• Kaurna man, James Charles has won Scholar of the Year at the NAIDOC awards for his efforts in foot health (NITV News)Source: NITV News
This Garna man is one step closer to his dream after scoring 'Scholar of the year' at the 2017 National NAIDOC Awards.
By
Laura Morelli

3 Jul 2017 - 10:26 AM  UPDATED 26 Jul 2017 - 4:20 PM

From not being able to read and write, to becoming one of Australia’s most prominent experts in foot health. Kaurna man, James Charles is making massive footsteps for the future.

Looking back at his journey, James has travelled a long way.

“I struggled at school when I was young. I slipped through the gaps. Back then it was a lot easier, people put me through primary school thinking I was ok.

But when James, from Adelaide plains in south Australia began high school everything was different.

“People started to ask me questions… The teachers pulled me in half way through my first year in high school and said: ‘your grades aren’t good enough were going to have to pull you back. I got the message that school wasn’t working out.”

"I didn’t know whether to laugh or cry because no one ever wants to find out they’re illiterate.”

James decided to drop out of High School and instead work in a business trade. Despite having a good job, he was pretty much illiterate.

“Whenever someone asked me to read something I was always good at getting out of it - I’d say ‘I forgot my glasses’ or I’d ask someone else to do it… but that gets a bit old after a while and you’re worried about people finding out.”

James admits it was embarrassing but the main thing he was worried about was his kids.

“I was getting worried my kids would start asking me how to spell this and that, and I wouldn’t be able to tell them.”

The father of two decided to go back to school and redo the first years of High School.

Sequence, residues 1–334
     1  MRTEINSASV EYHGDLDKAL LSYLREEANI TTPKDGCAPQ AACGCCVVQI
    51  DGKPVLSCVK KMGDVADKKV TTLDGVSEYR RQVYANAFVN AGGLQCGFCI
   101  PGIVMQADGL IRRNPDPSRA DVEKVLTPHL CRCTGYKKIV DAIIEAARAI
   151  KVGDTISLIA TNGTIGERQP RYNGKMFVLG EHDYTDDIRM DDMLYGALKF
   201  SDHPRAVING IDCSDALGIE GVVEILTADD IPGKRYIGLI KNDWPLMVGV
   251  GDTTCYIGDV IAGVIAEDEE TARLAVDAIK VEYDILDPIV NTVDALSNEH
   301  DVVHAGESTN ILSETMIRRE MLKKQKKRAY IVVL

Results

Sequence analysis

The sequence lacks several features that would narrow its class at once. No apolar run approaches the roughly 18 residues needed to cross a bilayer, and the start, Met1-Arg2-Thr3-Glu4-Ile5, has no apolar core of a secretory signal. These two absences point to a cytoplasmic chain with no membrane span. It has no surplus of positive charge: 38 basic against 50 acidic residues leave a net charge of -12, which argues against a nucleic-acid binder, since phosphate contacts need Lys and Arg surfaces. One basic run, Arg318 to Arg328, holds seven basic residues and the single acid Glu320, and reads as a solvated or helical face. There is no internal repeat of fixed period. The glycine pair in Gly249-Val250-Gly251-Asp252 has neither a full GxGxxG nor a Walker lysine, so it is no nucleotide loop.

“I went to Tafe and the teacher said, ‘just write a paragraph or something’, so I wrote a little story and he read it and looked at me and said: ‘Yep - we would classify you as illiterate’…I didn’t know whether to laugh or cry because no one ever wants to find out they’re illiterate.”

“Foot health isn’t something a lot of people are passionate about, but I’ve been given a skill and I’m keen to help and try and make a difference.”

James was the first person in his family to finish his Year 12 studies. He attended Adelaide uni and did an Arts degree.

“I remember thinking: I’ll give this one day, but it ended up going pretty well and soon enough I transferred to do podiatry and I’ve never looked back.”

A master’s degree enabled James to discover his passion, and travel to remote communities that are underprivileged with a lack of services. Soon after he decided to undergo a PhD.

“It wasn’t about getting a PHD, I had so many questions that needed answers. After working in the community I noticed foot structure function differences that were contributing to a lot of the problems I saw, particularly amputations and ulcers so I wanted to reduce that,” he said.

“I thought the biomechanics was a contributor. People were dismissing it as diabetes and smoking but I knew it wasn’t that simple.”

At this stage its only small steps, but James now has a goal that he’s keen to kick start into action.

“Foot health isn’t something a lot of people are passionate about, but I’ve been given a skill and I’m keen to help and try and make a difference.”

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